Letter to My Past Self for the Future

Dear Silly Twenty-Three Year Old,

Right now, you are probably swamped with assignments, papers, early morning classes and a small child to boot. I know that you are having trouble, not in academics, but with coping as a young, single mother.

So much else is going on around you-even on campus there are so many things you want to do. Curiosity has always been a driving passion for you, but in college it is at its peak.

Seminars, classes, dinners, parties…all the things that you dreamed about in high school. Things that meant that you were no longer under a parental unit’s home.

It’s not fair, I’m not going to tell you that it is or that “it will get easier” or any other well-meaning advice. It doesn’t get better, not in the way you think.

I would like to impart you with some things I’ve learned ahead of you.

So, grab a highlighter and an extra piece of paper and make a quick list. I’ll wait. You will want to remember these things:

See? That didn’t take too long. Put on some music and relax.

  1. College life is not reality. Life, with built-in automatic consequences, will be waiting for you no matter how long you stay in college.
  2. You will amass a lot of student loans and once you leave the comforts of college, they WILL expect you to begin paying off the loans…with actual money, not promises.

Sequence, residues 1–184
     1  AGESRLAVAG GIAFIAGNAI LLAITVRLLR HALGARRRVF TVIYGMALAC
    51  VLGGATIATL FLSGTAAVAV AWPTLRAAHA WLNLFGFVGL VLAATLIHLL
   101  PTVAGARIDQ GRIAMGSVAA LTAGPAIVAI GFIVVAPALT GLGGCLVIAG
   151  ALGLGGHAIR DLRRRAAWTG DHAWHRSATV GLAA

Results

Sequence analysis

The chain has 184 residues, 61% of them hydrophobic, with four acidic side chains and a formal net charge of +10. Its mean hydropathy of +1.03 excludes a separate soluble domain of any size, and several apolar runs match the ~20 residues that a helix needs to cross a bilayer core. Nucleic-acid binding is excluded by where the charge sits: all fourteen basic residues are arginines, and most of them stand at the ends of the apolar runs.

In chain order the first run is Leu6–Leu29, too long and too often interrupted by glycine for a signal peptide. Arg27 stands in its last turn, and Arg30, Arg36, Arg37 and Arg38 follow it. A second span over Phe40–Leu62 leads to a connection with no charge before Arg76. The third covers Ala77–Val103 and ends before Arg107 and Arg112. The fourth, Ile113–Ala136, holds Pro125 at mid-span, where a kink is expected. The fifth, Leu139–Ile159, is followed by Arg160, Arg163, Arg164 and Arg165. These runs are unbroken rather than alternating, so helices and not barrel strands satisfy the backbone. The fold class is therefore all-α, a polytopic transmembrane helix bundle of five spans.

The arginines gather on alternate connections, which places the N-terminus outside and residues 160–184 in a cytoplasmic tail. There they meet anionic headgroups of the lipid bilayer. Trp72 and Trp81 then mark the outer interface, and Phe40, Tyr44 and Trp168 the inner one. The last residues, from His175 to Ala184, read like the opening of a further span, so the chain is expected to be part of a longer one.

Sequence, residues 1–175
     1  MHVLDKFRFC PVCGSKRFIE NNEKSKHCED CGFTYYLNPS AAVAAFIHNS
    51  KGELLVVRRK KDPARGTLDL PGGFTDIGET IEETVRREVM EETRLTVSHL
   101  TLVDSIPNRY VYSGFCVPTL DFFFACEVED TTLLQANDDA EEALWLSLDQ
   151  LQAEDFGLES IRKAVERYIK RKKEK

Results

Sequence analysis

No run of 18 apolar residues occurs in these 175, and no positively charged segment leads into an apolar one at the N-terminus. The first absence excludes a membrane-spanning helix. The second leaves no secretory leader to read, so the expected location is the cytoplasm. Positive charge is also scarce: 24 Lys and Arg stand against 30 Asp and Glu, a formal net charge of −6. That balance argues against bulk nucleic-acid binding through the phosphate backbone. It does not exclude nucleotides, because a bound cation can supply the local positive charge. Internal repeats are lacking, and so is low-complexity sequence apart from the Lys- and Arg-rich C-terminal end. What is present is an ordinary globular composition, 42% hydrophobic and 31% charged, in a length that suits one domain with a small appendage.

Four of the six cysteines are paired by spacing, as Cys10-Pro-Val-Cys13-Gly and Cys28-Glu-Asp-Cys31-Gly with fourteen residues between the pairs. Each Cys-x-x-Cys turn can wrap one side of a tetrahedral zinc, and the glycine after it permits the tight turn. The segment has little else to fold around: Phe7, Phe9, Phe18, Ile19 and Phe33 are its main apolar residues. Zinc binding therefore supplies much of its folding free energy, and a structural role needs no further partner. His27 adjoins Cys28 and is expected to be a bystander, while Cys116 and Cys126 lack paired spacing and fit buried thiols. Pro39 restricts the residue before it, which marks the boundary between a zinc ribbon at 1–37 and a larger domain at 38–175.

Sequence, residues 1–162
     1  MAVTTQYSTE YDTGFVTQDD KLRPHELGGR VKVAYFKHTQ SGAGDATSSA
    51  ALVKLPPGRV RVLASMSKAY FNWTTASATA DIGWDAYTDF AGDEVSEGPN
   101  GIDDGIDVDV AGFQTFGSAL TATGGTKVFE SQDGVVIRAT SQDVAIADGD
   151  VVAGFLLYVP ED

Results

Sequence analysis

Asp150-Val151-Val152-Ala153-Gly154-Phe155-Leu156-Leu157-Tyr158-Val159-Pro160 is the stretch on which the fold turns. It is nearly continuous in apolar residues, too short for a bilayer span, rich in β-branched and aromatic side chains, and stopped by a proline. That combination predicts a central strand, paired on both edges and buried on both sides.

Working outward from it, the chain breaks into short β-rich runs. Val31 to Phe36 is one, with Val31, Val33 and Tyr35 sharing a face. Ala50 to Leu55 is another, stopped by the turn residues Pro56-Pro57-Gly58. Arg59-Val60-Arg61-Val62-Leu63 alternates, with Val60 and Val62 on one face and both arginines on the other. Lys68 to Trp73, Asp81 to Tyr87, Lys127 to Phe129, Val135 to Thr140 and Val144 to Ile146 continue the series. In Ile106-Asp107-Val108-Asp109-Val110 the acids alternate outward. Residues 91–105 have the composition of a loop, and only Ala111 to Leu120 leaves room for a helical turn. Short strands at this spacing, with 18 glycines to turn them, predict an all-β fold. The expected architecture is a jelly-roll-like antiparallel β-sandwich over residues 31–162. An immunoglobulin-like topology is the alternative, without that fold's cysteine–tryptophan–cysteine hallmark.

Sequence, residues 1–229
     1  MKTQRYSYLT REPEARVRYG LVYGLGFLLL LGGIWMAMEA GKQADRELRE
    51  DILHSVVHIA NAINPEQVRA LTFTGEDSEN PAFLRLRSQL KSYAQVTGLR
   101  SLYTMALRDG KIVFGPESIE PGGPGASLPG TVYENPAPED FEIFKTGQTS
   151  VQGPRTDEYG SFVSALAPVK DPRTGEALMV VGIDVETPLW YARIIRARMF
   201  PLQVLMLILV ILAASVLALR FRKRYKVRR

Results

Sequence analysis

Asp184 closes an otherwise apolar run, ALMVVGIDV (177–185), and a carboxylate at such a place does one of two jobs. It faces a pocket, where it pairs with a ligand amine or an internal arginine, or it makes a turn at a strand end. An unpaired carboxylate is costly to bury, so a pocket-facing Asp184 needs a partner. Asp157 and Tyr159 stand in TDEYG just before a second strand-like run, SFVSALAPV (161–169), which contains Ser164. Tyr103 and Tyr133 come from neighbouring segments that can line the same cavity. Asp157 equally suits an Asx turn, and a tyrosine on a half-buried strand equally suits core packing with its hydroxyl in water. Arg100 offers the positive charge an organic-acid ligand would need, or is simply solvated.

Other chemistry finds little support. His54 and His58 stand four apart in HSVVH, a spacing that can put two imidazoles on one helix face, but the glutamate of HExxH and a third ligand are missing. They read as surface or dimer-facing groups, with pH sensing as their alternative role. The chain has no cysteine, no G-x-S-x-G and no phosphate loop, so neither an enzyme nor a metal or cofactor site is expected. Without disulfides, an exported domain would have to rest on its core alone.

3. Not everyone is who they appear to be. I love your naivete and it will serve you well in many areas, but not in interactions with people. Take your time getting to know others, even family members.
  4. If you have financial problems, which you will—trust me—do not let pride step in front of you. Ask for help. But that is a double-sided coin. There will be people in your life that will initially welcome you in with open arms—but keep your wits about you. Watch for warning signs and keep your damn eyes and heart aware of your surroundings.
  5. Keep your priorities straight. I will help you with this one by listing them for you, in case you are unsure: daughter, education, safety are the top three. Not relieving your loneliness or escaping from the responsibility that goes along with these top three.
  6. It will take a long time finding, loving, accepting and forgiving yourself. Be patient. It will happen.
  7. Spend a lot more time with your baby. Not only will she grow up quicker than planned, you won’t always have her close to you. Kiss her often, get to know her well. This will anchor you both when life turns upside-backwards
  8. Don’t stop writing for yourself. I know you write all the time, read constantly—you have to when you are in college. But don’t stop completely. Make the time—focus—start small and save often. You will want those stray verses again in the future.
  9. Life will get much more difficult from here on out. People you trust will turn on you; mental illness will rear it’s ugly head; you will not get to practice your dream career.

I need you to know that it will be damn hard—nearly impossible—but not quite.

When the nightmare comes knocking, I need you to remember three things:

  • you will go on past every single disaster intact;
  • take a breath and record your feelings/reactions as they come;
  • things will get better.

10. I love you. I believe in you. You have so much to offer. Embrace and accept change. Don’t ever give up.

Talk to Me!

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